Fabien Roques: EU needs adaptable electricity ‘capacity’ schemes

Fabien Roques at the Eurelectric annual convention 2014 in London. [David Plas Photography / EURELECTRIC]

This article is part of our special report Electricity market reform: A European tour.

So-called “capacity mechanisms” are being set up across EU member states to remunerate power stations that remain on standby in case of demand peak. While a European framework is needed to regulate those schemes, Fabien Roques believes they should be adapted to local circumstances.

Fabien Roques is the Executive Vice President of Compass Lexecon Consulting. He is an expert on energy and environmental issues, and an associate professor at the University of Paris Dauphine.

The European Commission wants to tighten obligations on member states which put in place so-called “capacity mechanisms” for electricity. Why is the Commission so wary of these mechanisms?

The European Commission must ensure that capacity mechanisms do not hinder competition in the European electricity market.

However, capacity mechanisms are designed to ensure the security of energy supplies in each country: they must be adapted to the situation in each of them. Consequently there needs to be national solutions, a single European model won’t work.

EU throws in the towel over national energy support schemes

EU member states have pressed ahead with a variety of schemes to remunerate energy generators for keeping power plants on stand-by, despite warnings from Brussels. It now seems certain that such “capacity mechanisms” will remain a fact of life, at least for the foreseeable future.

There are different models in Europe…

Indeed, not all European countries follow the same model. France, Italy, Poland and the UK have opted for capacity markets.

In France for example, energy suppliers have to possess sufficient capacity certificates to cover the increased demand of their clients as well as a security margin, in order to operate on the market. These certificates are sold by power suppliers and load management operators, which must have the certificates delivered by the French national grid operator RTE.

In Greece, Spain and Portugal power suppliers receive capacity grants. While Germany, some Nordic countries and Belgium rely on strategic reserves: the grid operator signs agreements with load management plants outside the market, to make sure that they are available in the event of power shortages.

Given the diversity of national schemes, what is the prospect of developing a European mechanism?

For now, the European dimension for capacity mechanisms is limited to the possibility of cross-border cooperation, so that power plants or/and load management facilities can play a role directly or indirectly in neighbouring countries’ capacity mechanisms.

The establishment of a real European capacity mechanism would require solidarity at the European level, and would need a political agreement allowing for, in a worst case scenario, the possibility of power cuts in one state to ensure supplies in another one.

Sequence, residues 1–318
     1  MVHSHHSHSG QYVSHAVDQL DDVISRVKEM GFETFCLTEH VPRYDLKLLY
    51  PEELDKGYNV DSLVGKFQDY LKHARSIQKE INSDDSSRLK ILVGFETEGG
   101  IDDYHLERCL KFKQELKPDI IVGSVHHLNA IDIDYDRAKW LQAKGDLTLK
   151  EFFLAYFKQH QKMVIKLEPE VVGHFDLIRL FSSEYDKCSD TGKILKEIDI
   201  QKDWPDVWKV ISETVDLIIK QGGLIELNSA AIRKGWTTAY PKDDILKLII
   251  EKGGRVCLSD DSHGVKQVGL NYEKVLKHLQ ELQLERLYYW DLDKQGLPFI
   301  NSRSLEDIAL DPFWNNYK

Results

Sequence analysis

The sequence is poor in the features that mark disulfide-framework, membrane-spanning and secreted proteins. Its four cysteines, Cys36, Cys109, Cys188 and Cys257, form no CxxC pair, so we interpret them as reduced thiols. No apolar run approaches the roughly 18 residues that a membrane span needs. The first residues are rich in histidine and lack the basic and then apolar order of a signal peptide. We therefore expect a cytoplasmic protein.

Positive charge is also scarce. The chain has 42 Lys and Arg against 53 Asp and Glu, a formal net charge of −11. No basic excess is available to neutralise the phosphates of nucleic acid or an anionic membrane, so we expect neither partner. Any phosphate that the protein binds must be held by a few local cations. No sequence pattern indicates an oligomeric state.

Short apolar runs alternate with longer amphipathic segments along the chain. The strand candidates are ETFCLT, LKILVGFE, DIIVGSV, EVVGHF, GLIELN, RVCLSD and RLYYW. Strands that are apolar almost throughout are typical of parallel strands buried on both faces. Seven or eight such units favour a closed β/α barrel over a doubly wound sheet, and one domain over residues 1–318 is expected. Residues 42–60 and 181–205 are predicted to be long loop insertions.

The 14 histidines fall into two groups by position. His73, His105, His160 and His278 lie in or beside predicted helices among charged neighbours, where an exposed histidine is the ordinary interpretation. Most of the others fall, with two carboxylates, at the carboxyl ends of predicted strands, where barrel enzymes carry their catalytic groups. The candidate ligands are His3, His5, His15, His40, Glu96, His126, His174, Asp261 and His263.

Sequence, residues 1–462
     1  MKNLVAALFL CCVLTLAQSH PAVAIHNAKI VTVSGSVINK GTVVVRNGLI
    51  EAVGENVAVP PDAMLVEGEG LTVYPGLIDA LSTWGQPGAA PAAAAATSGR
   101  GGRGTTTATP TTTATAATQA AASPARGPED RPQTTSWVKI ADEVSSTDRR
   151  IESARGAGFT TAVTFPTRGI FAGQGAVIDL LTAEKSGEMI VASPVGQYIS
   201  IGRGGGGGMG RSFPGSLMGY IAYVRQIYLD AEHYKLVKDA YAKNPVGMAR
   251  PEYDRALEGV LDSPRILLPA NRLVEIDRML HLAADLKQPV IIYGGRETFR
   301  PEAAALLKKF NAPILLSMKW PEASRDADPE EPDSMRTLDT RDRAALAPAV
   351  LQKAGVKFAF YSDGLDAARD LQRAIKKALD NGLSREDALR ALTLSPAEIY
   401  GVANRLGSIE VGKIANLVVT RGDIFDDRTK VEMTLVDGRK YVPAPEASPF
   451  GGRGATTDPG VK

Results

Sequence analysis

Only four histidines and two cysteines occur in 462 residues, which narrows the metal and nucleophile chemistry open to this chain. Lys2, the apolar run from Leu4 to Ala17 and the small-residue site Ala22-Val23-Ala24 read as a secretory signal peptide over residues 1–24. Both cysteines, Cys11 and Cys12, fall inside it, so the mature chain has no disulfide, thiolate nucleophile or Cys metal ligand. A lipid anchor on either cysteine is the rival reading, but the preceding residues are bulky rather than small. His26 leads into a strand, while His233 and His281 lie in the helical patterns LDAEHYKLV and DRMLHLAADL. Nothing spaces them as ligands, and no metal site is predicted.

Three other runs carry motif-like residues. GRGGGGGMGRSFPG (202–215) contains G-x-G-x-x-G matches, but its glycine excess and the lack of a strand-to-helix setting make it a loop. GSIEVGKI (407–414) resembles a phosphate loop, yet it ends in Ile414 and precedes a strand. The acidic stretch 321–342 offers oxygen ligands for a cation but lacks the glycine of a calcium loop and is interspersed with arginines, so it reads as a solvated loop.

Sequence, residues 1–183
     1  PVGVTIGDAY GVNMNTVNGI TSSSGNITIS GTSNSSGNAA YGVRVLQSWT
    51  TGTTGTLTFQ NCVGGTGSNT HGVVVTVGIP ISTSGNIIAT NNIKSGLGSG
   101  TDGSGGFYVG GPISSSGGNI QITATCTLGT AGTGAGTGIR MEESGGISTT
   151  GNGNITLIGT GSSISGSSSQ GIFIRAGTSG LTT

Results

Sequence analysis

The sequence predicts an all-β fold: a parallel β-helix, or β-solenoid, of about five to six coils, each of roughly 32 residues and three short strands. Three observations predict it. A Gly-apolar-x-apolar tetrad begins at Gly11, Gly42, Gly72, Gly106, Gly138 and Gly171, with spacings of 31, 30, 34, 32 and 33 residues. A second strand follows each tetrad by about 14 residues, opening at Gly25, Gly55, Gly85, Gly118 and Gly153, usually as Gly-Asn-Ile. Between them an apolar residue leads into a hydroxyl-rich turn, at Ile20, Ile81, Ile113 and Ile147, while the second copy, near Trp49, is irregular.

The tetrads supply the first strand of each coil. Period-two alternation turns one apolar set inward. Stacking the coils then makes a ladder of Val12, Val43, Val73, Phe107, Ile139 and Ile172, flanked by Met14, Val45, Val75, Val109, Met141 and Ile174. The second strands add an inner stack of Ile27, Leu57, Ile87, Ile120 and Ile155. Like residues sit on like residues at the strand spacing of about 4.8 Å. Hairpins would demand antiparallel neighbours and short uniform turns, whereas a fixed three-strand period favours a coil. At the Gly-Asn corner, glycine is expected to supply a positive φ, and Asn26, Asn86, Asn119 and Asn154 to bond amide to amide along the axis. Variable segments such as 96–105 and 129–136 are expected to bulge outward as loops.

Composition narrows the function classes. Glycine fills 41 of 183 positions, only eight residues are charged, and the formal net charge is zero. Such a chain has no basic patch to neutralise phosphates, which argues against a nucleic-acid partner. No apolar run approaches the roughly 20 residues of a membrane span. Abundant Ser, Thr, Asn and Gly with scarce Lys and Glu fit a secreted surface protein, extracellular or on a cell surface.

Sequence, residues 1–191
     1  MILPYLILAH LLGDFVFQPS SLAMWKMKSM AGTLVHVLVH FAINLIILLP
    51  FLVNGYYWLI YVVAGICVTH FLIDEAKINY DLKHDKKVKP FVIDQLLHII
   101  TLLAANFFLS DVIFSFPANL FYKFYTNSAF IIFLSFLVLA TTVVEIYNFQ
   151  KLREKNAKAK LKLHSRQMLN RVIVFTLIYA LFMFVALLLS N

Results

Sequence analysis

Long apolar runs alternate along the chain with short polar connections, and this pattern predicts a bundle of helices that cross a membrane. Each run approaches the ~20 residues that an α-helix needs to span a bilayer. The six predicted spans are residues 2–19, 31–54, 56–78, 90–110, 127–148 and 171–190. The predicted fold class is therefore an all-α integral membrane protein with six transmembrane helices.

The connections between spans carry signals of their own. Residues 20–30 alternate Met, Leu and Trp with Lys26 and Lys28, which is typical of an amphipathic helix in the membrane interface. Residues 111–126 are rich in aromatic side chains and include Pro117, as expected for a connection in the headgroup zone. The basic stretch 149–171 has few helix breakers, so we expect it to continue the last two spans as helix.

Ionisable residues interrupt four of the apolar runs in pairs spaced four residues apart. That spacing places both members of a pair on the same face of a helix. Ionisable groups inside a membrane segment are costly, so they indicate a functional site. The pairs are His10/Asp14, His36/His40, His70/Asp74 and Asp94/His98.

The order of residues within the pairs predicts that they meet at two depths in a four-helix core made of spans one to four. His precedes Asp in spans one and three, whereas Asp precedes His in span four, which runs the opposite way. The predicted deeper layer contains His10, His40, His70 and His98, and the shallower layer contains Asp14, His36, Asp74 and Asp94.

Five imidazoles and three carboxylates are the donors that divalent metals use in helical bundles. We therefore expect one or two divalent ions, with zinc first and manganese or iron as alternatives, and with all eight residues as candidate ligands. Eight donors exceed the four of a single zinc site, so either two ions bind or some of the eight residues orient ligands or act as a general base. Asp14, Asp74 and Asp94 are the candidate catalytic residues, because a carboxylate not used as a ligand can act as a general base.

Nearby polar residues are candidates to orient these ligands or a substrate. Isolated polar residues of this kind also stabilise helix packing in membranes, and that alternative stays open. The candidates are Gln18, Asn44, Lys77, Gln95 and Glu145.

Beyond the risks for competition which you mentioned earlier, the European Commission has expressed doubt that such mechanisms are necessary in all circumstances to ensure security of electricity supply. Have national mechanisms proven their worth?

In Europe we have little to go on since these mechanisms have been put into place only recently. The only conclusion we can draw for the time being is that these mechanisms are still being adapted and can be improved upon.

In France, where the mechanism was introduced three years ago, it made it possible for certain plants to remain in operation. This has helped to secure the system and to cope with peaks in electricity consumption.

However, the capacity market has yet to give positive signals, particularly on long-term investment. Long-term contracts are therefore being considered which would provide more visibility to operators and encourage investment in new generating capacity.

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The European Commission wants an environmental clause banning power stations which emit more than 550 grams of CO2 per kWh from taking part in capacity schemes. What do you think of this?

The main problem with this rule is that the Commission is trying to kill two birds with one stone, by trying to limit greenhouse gas emissions, while at the same time securing electricity supplies in one go.

Economically, it would be more effective to use two different tools, and in particular the European carbon market.

This rule could prevent some power plants from being part of capacity mechanisms, therefore making them less profitable and forcing them out of the market. This might involve making new investments which could increase the costs for consumers in order to secure the system. I’m talking about peak-lopping plants, which only generate electricity during peaks in consumption. Consequently they produce higher emissions but over a shorter period.

Ultimately, if these plants are no longer profitable and close down, they will have to be replaced by new capacities, which will involve additional costs.

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